Frequently Asked Questions

Project STArT LogoQ: If a scholar is dismissed or drops out of a program for an academic or non-academic reason, will they be required to fulfill the employment or repayment requirement?

Yes. The regulations apply to scholars who are dismissed or drop out of a program in the same manner that they apply to other scholarship recipients (See: Service Obligations for Grant Recipients)

Q: Are there any spots available for Project STArT?

We recruited 21 scholars for the 1st cohort (2014) and recruited another 19 scholars for the 2nd cohort (2015). We are currently recruiting 20 scholars for the 3rd cohort (Fall 2017).

Q: Will any of my Special Education undergraduate courses count for credit in the master's program?

Because this program is a grant funded program, we cannot deviate from the coursework (39 credit hours). So any courses taken as an undergraduate will not count towards our STArT master's program.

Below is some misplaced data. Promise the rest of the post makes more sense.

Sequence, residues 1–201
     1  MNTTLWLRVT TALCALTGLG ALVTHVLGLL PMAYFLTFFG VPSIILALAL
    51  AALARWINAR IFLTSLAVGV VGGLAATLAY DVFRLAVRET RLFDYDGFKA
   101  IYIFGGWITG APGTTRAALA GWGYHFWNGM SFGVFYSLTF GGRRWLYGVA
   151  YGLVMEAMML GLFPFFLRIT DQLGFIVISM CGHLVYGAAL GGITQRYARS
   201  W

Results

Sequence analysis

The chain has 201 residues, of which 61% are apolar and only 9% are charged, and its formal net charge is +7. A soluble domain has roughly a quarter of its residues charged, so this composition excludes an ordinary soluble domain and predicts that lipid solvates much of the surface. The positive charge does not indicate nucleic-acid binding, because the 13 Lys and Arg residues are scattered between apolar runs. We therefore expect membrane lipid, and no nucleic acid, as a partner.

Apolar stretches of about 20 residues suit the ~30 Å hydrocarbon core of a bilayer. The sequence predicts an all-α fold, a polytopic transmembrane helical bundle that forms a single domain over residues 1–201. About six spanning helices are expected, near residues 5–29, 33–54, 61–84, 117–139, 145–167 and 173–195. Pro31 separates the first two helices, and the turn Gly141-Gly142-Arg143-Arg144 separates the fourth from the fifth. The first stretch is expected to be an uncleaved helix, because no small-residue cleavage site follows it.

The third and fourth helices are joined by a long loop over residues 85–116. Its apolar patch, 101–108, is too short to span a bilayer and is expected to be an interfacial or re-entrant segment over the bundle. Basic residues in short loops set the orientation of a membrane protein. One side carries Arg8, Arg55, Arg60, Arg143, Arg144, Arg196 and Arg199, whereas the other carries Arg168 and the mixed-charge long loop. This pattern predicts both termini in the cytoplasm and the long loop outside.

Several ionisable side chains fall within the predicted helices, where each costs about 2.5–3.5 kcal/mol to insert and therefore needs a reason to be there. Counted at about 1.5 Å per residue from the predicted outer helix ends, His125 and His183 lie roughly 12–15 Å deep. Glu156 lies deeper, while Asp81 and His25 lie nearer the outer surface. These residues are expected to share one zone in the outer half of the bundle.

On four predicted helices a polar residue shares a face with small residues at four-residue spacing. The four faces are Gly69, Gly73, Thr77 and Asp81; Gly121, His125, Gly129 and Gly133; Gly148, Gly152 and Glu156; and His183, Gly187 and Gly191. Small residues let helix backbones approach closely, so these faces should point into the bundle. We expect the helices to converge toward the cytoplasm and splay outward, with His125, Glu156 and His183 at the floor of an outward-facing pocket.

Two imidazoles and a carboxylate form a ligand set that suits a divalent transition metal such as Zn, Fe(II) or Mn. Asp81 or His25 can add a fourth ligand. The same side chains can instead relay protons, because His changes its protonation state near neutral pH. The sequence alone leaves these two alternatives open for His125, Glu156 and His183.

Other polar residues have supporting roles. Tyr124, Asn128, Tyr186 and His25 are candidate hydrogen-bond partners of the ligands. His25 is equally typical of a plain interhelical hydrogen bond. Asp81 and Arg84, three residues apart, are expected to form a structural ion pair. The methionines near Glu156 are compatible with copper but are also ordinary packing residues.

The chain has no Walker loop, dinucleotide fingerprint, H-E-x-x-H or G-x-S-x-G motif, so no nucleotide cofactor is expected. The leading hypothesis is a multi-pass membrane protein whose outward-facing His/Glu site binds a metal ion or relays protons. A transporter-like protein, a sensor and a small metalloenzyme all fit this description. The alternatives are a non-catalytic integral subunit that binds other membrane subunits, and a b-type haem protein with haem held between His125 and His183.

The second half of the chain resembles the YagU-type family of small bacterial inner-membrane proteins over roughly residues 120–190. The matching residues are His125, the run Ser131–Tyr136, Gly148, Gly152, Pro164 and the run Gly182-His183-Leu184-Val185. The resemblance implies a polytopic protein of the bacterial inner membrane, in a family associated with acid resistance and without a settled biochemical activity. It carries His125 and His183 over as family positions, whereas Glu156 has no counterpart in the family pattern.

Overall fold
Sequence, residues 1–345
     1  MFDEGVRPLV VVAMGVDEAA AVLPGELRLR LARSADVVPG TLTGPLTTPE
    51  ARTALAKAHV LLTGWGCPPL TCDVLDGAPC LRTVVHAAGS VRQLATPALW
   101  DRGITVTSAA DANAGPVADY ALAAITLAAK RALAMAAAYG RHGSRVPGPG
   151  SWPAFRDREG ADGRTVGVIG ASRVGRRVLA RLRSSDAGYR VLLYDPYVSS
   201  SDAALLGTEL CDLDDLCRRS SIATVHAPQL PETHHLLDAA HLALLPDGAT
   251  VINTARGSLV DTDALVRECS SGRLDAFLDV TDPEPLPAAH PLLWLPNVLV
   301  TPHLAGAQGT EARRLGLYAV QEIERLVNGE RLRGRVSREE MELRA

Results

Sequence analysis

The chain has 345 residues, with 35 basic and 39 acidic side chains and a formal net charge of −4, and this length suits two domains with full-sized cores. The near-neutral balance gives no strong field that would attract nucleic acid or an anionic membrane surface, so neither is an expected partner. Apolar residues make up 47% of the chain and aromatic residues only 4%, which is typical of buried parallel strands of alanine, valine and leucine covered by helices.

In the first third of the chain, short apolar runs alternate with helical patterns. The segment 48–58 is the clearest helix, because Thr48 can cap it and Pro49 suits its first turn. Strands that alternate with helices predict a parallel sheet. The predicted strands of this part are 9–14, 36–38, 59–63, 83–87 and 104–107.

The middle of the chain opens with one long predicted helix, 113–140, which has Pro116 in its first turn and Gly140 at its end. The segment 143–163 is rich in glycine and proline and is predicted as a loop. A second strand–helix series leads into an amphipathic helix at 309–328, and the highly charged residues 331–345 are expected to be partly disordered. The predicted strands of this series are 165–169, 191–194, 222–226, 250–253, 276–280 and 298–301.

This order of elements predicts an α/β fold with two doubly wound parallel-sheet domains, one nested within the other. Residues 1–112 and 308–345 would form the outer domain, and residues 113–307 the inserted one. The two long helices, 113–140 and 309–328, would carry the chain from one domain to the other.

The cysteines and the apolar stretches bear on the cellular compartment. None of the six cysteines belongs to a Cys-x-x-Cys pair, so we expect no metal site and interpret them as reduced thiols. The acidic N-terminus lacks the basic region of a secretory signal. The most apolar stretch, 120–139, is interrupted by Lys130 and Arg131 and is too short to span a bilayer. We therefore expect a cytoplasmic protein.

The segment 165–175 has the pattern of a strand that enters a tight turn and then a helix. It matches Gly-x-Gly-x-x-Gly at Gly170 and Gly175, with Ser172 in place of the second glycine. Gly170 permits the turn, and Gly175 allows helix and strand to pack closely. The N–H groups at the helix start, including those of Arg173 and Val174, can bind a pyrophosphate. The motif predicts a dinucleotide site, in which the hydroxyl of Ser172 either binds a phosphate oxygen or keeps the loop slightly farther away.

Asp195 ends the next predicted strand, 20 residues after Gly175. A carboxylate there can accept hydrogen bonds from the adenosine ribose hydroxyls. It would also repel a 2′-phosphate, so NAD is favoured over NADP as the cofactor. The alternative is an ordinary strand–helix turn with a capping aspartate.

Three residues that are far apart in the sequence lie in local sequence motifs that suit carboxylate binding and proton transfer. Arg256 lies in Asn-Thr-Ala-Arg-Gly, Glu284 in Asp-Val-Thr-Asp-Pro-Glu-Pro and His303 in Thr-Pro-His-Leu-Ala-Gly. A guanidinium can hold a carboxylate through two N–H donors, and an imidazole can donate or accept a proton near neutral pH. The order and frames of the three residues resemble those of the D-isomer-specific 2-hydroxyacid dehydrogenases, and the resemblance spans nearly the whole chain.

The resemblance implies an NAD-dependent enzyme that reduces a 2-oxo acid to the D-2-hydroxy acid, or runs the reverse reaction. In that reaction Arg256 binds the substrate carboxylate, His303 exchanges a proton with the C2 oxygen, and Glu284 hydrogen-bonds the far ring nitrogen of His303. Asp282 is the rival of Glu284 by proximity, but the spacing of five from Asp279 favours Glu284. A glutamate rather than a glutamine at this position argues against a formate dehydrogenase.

Q: Will there be summer courses?

Yes, scholars are expected to take summer courses.

Q: When is the deadline to apply?

The deadline for submission is Tuesday, June 20. Decisions about admission into the 3rd cohort will be made shortly thereafter. Please note that admission into the department does not guarantee admission into Project STArT.

Q: Is it mandatory to enroll full-time throughout the program?

Project STArT is designed to be a rigorous part-time program. Cohort 1 and 2 students will be required to take 6-7 credit hours per regular (spring & fall) semester and 7-9 credit hours in the summer. Cohort 3 students will be required to take 6 credit hours in the fall and spring semesters and 3-6 credit hours in the summer.

Q: Is there any way I could start classes during another semester instead of the fall?

Due to the schedule of courses, all scholars will begin in the fall.

Q: I already have a masters degree but I was not required to take the GRE. Do I need to take it to apply to Project STArT?

The GRE is not required for the Graduate Academic Certificate and as of 2017, the GRE is no longer required for the masters degree.

Q: Does Project STArT have any scholarship awards tied to it?

Yes, scholars will have their full tuition paid.